Time we reviewed sedition law: Moily | delhi | Hindustan Times
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Time we reviewed sedition law: Moily

Law minister M Veerappa Moily on Friday said the sedition law in the country was outdated and the government would consider reviewing the relevant provisions in the 150 year-old Indian Penal Code. HT reports.

delhi Updated: Apr 15, 2011 23:14 IST
HT Correspondents

Law minister M Veerappa Moily on Friday said the sedition law in the country was outdated and the government would consider reviewing the relevant provisions in the 150 year-old Indian Penal Code.

Shortly after the Supreme Court granted bail to noted social activist Dr Binayak Sen, the law minister also asked the Chhattisgarh government to reflect upon the investigation carried out by the state police.

“In consultation with the home ministry, the Law Commission would be asked to take a fresh look at the sedition law in the country, which appears to be outdated now,” Moily said.

Section 124A of the Indian Penal Code provides life imprisonment to those found guilty of sedition, and according to Moily this section which was used to confine freedom fighters to jails, has now lost relevance.

Moily said the apex court order was an eye-opener. “The Chhattisgarh government should have applied its mind objectively and properly without any prejudices. And when the case is in the highest court of the country, it is all the more reasons to be more careful.”

Home ministry officials, however, were not as enthusiastic about a review. “There are Supreme Court judgments that lay down the interpretation and the conditions that need to be fulfilled for invoking this charge,” one of them said.

The home ministry, however, intends to challenge an earlier verdict of the Supreme Court that ruled against treating members of banned groups as criminals till they indulge in violence.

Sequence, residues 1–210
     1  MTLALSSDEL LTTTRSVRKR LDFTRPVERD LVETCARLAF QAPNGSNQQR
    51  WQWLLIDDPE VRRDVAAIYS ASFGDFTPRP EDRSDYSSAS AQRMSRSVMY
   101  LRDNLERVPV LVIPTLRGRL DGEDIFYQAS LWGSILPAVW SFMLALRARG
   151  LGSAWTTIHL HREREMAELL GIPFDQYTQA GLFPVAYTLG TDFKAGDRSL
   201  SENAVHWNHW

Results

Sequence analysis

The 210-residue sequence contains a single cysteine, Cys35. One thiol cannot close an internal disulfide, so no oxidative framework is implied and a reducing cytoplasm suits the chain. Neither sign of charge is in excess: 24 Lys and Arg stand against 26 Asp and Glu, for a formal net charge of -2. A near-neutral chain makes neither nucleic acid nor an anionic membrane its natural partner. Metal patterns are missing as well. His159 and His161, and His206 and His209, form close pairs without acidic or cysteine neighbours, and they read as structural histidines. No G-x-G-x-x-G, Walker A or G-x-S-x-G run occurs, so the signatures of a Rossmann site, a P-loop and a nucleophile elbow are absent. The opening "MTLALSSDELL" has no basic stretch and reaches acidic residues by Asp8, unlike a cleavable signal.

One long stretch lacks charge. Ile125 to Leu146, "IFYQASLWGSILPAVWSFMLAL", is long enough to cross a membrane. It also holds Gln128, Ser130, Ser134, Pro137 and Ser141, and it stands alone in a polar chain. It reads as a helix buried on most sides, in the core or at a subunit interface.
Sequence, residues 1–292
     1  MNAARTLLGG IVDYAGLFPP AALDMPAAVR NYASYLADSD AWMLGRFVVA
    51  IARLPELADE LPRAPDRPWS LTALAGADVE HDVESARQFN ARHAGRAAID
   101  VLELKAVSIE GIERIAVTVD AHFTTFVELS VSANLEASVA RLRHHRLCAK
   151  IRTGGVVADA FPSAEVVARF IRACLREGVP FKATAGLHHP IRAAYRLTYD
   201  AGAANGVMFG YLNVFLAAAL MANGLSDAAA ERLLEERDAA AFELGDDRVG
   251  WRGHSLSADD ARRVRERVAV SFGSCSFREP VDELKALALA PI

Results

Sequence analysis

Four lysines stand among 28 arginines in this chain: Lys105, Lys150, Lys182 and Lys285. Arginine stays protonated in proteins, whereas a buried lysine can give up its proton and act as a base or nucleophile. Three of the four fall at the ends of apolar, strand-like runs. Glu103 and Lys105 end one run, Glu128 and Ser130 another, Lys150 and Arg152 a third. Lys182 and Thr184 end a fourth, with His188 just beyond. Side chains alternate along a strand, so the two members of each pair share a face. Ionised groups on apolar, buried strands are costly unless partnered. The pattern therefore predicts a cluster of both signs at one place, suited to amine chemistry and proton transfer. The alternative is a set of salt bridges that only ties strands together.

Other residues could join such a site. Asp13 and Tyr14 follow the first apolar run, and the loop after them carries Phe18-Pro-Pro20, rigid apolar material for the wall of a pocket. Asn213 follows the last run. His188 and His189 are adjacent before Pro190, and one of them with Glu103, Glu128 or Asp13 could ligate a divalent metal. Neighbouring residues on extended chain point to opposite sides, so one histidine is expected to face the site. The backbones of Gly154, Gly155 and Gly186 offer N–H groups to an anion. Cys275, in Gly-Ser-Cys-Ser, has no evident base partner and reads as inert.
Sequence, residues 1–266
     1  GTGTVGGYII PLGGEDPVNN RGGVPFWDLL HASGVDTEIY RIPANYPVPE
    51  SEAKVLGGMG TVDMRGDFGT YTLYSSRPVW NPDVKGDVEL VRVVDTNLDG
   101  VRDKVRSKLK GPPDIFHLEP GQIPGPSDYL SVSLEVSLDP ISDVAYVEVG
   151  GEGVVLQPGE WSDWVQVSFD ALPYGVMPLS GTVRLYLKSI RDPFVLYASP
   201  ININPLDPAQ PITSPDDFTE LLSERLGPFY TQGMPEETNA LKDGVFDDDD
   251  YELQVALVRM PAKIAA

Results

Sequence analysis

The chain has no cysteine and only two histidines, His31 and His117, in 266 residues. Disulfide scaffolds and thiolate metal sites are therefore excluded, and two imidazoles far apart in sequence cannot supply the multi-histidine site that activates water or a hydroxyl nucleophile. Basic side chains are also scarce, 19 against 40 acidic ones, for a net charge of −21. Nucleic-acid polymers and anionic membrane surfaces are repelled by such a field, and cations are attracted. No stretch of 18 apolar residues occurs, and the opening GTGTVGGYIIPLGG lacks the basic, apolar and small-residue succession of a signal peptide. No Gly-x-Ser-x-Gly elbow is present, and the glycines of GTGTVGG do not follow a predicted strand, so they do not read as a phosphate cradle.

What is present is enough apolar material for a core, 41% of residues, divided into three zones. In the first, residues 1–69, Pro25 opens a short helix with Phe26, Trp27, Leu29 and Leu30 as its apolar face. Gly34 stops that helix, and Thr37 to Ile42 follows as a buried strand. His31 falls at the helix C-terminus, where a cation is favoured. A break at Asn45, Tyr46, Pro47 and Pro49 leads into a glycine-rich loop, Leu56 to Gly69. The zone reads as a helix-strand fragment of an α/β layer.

An organisation banned under the Unlawful Activities Prevention Act has a legal remedy to challenge the government’s ban order when it comes up for confirmation before a tribunal headed by a sitting high court judge.

Since there already is application of judicial mind when the ban is confirmed, it does not appear justified that security agencies should wait for known member of a banned terror group to resort to violence.

Sen household rejoices over bail

The house of the Sens in Kalyani, about 50 km from Kolkata, was in a celebratory mood. The son of the house, rights activist Binayak Sen, was granted bail by the Supreme Court on the first day of the Bengali new year.

While Sen’s bail plea was being heard, Sen’s mother the octogenarian Anasuya was glued to the TV set. Minutes after the ruling, her daughter-in-law Ilina Sen telephoned her.

“What more happiness can there be for a mother, other than her son’s return home…,” said Anusuya, who has taken part in demonstrations demanding her son’s release.

“I still do not know whether he (Binayak) has got the news of his bail,” said the rights activist’s brother Dipankar. Ilina, who was in the apex court for the hearing, said she felt relieved after the order.

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